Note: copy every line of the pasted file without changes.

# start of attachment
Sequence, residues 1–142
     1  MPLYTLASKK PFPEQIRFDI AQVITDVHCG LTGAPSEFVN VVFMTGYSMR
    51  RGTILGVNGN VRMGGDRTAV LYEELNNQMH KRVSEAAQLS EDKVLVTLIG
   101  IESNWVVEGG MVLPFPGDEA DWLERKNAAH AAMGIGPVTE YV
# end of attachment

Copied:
Sequence, residues 1–142
     1  MPLYTLASKK PFPEQIRFDI AQVITDVHCG LTGAPSEFVN VVFMTGYSMR
    51  RGTILGVNGN VRMGGDRTAV LYEELNNQMH KRVSEAAQLS EDKVLVTLIG
   101  IESNWVVEGG MVLPFPGDEA DWLERKNAAH AAMGIGPVTE YV